September 01, 2017


 Court strikes down agriculture filming law

Posted Aug. 16, 2017

A federal judge ruled in July that a Utah law designed to prevent secret filming on farms is an unconstitutional restriction of speech rights.

Amy Meyer was arrested in February 2013 after she captured video of what appeared to be a bulldozer moving a sick cow at a slaughterhouse in Draper City, Utah. Court documents indicate that, while multiple states have established criminal penalties for capturing video at an agriculture facility without consent, Meyer may be the only person to face criminal charges under one of those laws.

The court ruling also notes that Utah's law would not have applied to Meyer even if it were constitutional. Utah's law forbids lying to gain access to agriculture facilities and capture video inside, whereas Meyer captured video from a public right of way.

The criminal case against Meyer was dismissed in April 2013. But she, the Animal Legal Defense Fund, and People for the Ethical Treatment of Animals subsequently filed a civil rights suit against the state, alleging that the law still had chilling effects on speech protected by the Constitution.

In his ruling for the U.S. District Court for Utah, Judge Robert J. Shelby wrote that the state's defense—that the law is necessary to protect farm workers and animals from disease and injury—contradicted the law's history. He noted that legislators advocated for the law to keep vegetarian advocates from harming animal industries. He also wrote that the state failed to show that animal and employee safety are endangered by the people targeted by the law, or that the law would remedy such dangers.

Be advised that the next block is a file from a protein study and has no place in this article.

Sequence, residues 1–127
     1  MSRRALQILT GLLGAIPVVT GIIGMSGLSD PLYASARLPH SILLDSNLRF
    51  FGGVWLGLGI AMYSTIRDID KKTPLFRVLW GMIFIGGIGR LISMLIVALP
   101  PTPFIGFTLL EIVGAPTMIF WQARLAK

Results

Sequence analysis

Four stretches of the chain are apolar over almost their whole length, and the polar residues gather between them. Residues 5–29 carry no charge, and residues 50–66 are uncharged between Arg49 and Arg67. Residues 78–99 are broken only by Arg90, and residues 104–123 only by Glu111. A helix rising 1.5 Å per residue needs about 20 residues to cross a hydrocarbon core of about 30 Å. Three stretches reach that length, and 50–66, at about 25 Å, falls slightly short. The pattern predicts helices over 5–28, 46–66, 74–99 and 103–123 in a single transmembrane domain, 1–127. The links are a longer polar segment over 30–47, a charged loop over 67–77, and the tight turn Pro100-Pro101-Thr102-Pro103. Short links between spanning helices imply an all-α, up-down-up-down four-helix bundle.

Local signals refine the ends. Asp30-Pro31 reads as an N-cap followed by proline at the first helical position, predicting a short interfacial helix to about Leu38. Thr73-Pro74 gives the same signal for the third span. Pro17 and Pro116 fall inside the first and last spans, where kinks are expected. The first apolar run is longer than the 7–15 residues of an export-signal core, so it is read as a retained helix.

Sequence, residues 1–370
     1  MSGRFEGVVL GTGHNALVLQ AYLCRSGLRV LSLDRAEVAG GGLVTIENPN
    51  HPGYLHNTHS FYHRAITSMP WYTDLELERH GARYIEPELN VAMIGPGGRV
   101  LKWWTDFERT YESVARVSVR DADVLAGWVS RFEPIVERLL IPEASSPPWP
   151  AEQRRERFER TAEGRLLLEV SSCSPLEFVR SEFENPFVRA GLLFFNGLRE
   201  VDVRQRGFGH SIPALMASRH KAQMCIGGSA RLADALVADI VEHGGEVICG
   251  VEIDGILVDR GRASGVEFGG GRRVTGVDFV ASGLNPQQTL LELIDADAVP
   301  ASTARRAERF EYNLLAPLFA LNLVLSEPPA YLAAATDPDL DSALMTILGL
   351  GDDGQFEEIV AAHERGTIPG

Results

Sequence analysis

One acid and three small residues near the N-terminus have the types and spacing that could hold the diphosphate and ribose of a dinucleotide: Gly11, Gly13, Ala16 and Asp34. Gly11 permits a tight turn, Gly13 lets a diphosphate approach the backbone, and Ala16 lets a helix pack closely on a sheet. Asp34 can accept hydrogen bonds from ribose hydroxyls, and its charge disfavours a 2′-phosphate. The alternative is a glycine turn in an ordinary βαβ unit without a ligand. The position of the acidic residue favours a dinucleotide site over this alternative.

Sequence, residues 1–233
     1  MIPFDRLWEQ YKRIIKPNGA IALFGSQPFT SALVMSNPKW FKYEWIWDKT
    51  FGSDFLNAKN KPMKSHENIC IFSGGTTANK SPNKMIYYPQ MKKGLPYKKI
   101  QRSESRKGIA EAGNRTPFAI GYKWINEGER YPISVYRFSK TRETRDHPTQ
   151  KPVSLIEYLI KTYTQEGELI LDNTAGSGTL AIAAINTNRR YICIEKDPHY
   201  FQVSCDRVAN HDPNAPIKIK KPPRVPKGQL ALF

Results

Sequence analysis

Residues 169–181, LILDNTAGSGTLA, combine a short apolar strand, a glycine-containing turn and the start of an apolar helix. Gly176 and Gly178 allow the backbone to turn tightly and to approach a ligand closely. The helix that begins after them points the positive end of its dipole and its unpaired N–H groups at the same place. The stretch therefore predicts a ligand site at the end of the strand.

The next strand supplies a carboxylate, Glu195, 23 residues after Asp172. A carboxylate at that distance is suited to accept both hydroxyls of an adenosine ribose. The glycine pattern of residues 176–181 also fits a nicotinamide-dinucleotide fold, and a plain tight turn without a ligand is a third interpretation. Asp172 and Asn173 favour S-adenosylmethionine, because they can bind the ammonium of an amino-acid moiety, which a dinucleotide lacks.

"Utah undoubtedly has an interest in addressing perceived threats to the state agricultural industry, and as history shows, it has a variety of constitutionally permissible tools at its disposal to do so," the ruling states. "Suppressing broad swaths of protected speech without justification, however, is not one of them."

The ruling notes that other states including Iowa, Kansas, Montana, and North Dakota have enacted such laws since the 1990s in response to animal rights advocates' investigations exposing animal abuse. Utah's law was enacted in March 2012.